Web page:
Water Insecurity for Some Middle Eastern Countries

Just yesterday there was a news article that really caught my attention. Aljazeera reported on the water crisis in Iraq. We’ve discussed food insecurity within this blogsite, however water insecurity and resources in a changing climate, are also pressing. Water insecurity leads to food insecurity in the land where there is either drought, overuse of water resources, climate change, and in this case damming projects. Awhile back Egypt had similar concerns over Sudan’s ability to control the Nile at the source.

Reading through this new article makes one think of a whole bunch of questions pertaining to protecting resources within one’s country, ability to control portions of shared resources across country borders, sharing with neighbors, ability to cooperate, etc. Read for yourself and new questions will automatically pop into your mind. If you’d like to share your thoughts, you can email me at the contact page, and I can post your response if you like. Climate change will affect everyone’s natural resources, and it’s beneficial to have conversations on how to make positive impacts that will help people and the environment.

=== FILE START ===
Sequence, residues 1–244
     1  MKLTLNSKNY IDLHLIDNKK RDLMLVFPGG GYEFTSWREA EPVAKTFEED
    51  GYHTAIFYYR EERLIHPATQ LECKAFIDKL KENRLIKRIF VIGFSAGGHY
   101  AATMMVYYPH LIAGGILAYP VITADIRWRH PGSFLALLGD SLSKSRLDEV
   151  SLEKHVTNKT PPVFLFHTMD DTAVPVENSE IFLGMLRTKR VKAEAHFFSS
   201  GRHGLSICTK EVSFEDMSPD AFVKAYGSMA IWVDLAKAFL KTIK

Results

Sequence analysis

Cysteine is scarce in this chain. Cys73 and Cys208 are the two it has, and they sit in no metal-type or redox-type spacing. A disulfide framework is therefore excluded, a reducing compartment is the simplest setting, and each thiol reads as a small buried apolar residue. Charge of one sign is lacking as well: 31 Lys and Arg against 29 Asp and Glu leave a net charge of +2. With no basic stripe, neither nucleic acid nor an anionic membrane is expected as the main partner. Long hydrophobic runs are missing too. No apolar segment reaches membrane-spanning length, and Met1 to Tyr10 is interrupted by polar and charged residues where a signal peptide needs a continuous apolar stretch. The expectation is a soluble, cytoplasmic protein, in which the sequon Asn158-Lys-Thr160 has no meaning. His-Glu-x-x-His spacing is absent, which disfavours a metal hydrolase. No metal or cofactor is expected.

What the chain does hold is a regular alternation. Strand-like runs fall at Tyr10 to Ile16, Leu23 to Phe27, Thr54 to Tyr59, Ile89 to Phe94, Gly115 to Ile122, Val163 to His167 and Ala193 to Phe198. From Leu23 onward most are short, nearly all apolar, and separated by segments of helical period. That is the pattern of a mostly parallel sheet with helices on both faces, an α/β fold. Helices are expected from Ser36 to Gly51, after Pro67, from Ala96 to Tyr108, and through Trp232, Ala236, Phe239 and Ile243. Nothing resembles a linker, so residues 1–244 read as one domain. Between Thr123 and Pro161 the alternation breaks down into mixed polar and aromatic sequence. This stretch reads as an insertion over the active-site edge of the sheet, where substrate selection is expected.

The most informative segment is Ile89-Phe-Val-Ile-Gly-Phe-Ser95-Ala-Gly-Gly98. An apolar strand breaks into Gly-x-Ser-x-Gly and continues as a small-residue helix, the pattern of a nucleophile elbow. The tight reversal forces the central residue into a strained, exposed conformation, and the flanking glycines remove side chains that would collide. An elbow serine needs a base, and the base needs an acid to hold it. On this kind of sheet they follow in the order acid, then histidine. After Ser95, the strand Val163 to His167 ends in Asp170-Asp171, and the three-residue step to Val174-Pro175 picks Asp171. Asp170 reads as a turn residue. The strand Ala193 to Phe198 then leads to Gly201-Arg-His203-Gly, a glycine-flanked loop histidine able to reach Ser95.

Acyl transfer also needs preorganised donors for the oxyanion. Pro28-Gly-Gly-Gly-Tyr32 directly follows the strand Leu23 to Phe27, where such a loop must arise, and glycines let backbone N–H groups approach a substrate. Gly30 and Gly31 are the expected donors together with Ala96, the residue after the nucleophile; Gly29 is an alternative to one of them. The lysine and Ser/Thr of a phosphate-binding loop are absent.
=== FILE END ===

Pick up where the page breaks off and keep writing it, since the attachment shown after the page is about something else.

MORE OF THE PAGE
Pawson, M. (2021, November 5). ‘All the trees have died’: Iraqis face intensifying water crisis. Aljazeera.com. https://www.aljazeera.com/news/2021/11/5/all-the-trees-have-died-iraqis-face-persistent-water-crisis

The following is an excerpt from the article, with the link at bottom.

“Seven million people are at risk because of a lack of water in Iraq, according to a recent report by aid groups in the region. Rising temperatures, low levels of rainfall, and lack of access to river water are increasing the danger and severity of droughts, researchers warn.

Climate change is one of the factors that has led to desertification and drought in Iraq, said Rebrwar Nasir Dara, a lecturer in geology at Salahaddin University.

He added reduced water levels in the Tigris and Euphrates rivers are exacerbating this.

Diminishing water levels in the two rivers that feed Iraq are partly attributed to numerous dam projects upstream in Turkey and Iran, countries that in turn are facing increasing water demands from their own citizens amid the climate crisis.”


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